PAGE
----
The monk chose pea plants because they have traits (such as blossom color and plant height) that are easily distinguishable and that breed true. Thus, he crossed six-foot plants with one-foot plants, and plants with purple blossoms with plants with white blossoms. Would the result be three-foot plants with mauve-colored blossoms, as the popular theory of blending inheritance dictated?

       In contrast with other botanists who had performed hybridization experiments before him, Mendel had studied mathematics and was an able statistician. He found that when he crossed six-footers with the short variety the first-generation hybrids were all six-footers. No intermediate-sized plants were produced. However, when these first-generation hybrids were allowed to self-pollinize, the result was astonishing --the second generation included both tall plants and short plants, and in an approximately three-to-one ratio. A similar result was obtained for six other contrasting traits.

       Mendel’s conclusion was that, contrary to popular belief, the parent’s traits are not blended in the offspring. Inheritable characteristics are determined by units of inheritance that are segregated rather than blended in the offspring, with certain traits dominating over their “recessive” opposites (i.e. long stem versus short stem). Today we call these units “genes.” Mendelian genetics meshed perfectly well with natural selection. In the first decades of this century, genetics and evolution became integrated in what is known as the synthetic theory of evolution.

Monday, March 9, 2009

Literary Theme with Biological Variations

In his short story "Pierre Menard, Author of Don Quixote" the Argentinian writer Jorge Luis Borges recounts the story of a symbolist author in turn-of-the-(last)century France who endeavors to rewrite Miguel de Cervantes’ celebrated work. Pierre Menard, however, is no mere parasite intending to copy or paraphrase Cervantes. His intent is to write a verbally identical book based on his own experience. Menard, alas, dies after completing only two chapters. But how fascinating those two chapters can be! Read as the work of a twentieth-century writer, Menard’s Don Quixote is a completely different book.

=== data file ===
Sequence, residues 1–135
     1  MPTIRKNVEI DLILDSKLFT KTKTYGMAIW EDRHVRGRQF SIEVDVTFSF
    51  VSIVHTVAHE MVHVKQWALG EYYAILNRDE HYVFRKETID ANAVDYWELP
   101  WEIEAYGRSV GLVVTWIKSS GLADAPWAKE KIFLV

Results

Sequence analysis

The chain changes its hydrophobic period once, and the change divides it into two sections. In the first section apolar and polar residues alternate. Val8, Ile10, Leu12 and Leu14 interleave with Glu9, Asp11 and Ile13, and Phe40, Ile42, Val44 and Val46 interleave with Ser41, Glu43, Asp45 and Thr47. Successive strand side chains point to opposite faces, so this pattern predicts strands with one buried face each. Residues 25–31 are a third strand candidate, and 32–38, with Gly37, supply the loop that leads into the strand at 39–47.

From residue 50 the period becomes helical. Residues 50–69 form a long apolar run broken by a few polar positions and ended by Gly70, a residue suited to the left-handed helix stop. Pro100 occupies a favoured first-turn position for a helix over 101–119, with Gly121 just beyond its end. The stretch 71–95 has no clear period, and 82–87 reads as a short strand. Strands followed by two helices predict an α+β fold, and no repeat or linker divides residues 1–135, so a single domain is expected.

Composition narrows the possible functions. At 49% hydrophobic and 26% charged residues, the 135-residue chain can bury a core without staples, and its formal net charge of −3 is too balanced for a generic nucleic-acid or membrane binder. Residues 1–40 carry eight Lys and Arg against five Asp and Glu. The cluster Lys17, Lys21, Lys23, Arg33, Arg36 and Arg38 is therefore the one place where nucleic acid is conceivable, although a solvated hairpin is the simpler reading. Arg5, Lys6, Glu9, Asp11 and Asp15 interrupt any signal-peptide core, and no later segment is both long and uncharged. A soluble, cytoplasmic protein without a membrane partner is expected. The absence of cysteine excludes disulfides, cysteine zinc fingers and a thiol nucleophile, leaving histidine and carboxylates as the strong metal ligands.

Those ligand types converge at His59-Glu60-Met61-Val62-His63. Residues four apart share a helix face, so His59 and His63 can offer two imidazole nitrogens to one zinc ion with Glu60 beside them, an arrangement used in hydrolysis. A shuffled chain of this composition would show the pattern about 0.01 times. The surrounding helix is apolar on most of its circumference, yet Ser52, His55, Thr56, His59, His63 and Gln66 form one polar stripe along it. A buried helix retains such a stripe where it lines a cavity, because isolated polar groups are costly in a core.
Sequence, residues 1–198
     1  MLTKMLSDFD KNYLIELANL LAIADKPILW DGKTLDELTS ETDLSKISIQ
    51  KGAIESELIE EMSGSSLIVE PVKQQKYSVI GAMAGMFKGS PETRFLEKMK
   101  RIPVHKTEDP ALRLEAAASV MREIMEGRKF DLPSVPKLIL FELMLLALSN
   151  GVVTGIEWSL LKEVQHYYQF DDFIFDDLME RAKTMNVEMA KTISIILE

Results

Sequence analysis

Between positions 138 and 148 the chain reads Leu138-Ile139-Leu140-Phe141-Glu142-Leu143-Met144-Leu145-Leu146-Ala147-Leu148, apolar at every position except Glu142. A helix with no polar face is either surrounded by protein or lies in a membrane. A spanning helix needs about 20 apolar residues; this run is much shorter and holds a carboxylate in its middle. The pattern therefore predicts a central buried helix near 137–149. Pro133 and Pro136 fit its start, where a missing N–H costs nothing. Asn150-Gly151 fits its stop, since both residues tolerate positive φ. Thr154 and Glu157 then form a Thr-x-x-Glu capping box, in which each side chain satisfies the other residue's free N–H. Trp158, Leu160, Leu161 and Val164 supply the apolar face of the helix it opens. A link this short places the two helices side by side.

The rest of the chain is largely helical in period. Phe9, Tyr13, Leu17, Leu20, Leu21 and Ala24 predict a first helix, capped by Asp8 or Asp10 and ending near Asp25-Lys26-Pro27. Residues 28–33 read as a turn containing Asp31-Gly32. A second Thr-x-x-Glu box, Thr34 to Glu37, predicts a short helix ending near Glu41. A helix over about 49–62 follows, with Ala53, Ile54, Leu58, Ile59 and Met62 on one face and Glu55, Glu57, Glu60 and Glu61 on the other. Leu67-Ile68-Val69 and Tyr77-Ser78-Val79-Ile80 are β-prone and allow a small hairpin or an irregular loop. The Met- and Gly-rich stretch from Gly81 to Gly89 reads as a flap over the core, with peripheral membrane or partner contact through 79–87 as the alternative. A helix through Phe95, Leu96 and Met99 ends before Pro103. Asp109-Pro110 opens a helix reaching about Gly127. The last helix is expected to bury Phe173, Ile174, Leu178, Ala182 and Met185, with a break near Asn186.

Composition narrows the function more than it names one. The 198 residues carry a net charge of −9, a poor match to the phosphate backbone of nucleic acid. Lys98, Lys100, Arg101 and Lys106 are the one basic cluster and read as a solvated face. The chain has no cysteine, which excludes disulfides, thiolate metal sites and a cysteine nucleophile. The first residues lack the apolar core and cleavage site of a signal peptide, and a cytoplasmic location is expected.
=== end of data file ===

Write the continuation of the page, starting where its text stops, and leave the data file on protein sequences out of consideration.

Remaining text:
This, of course, is only possible in Borges’ brilliant fantasy world. In real life, if you hold two books in your hand --for example, Cervantes’ Don Quijote de la Mancha and Menard’s Don Quijote de la Mancha--, and the books correspond word by word, or almost, you immediately smell a rat. The books must --to say the very least-- have a common ancestor. They can’t really be independent.

Odoriferous rodents of the same kind assail the discerning noses of biologists when they compare organisms from the present and from the past using the tools of old and new biological disciplines such as embryology, anatomy, genetics, and biochemistry. Charles Darwin’s original treatise was a steamroller of evidence for “descent with modification.” Today, evolutionists possess further detailed and consistent proof of the fact of biological evolution.

Consider the backbone in humans. Humans, as you probably know, walk upright most of the time. Our backbones are placed in the back (duh). But look at the famous roof at the Museo de Antropología, in Mexico City. Here it is: